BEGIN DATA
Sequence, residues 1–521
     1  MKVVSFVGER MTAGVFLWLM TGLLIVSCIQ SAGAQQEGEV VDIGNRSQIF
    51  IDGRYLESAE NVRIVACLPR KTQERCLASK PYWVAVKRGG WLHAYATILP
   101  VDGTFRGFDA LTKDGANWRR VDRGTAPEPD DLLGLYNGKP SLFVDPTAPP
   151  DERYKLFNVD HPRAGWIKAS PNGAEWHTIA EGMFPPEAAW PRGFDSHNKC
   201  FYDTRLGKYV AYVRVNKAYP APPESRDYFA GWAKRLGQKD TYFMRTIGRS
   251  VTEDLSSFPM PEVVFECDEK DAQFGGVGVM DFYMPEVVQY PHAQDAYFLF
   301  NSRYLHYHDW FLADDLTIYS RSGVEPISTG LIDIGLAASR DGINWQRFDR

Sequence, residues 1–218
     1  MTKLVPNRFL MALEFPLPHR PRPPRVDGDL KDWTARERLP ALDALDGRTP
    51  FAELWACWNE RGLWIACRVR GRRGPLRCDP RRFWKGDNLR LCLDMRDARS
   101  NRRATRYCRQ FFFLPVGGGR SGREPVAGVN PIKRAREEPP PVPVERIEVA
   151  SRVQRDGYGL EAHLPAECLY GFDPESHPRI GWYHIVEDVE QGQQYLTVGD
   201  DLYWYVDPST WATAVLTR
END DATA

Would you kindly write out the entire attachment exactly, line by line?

Sequence, residues 1–521
     1  MKVVSFVGER MTAGVFLWLM TGLLIVSCIQ SAGAQQEGEV VDIGNRSQIF
    51  IDGRYLESAE NVRIVACLPR KTQERCLASK PYWVAVKRGG WLHAYATILP
   101  VDGTFRGFDA LTKDGANWRR VDRGTAPEPD DLLGLYNGKP SLFVDPTAPP
   151  DERYKLFNVD HPRAGWIKAS PNGAEWHTIA EGMFPPEAAW PRGFDSHNKC
   201  FYDTRLGKYV AYVRVNKAYP APPESRDYFA GWAKRLGQKD TYFMRTIGRS
   251  VTEDLSSFPM PEVVFECDEK DAQFGGVGVM DFYMPEVVQY PHAQDAYFLF
   301  NSRYLHYHDW FLADDLTIYS RSGVEPISTG LIDIGLAASR DGINWQRFDR

Sequence, residues 1–218
     1  MTKLVPNRFL MALEFPLPHR PRPPRVDGDL KDWTARERLP ALDALDGRTP
    51  FAELWACWNE RGLWIACRVR GRRGPLRCDP RRFWKGDNLR LCLDMRDARS
   101  NRRATRYCRQ FFFLPVGGGR SGREPVAGVN PIKRAREEPP PVPVERIEVA
   151  SRVQRDGYGL EAHLPAECLY GFDPESHPRI GWYHIVEDVE QGQQYLTVGD
   201  DLYWYVDPST WATAVLTR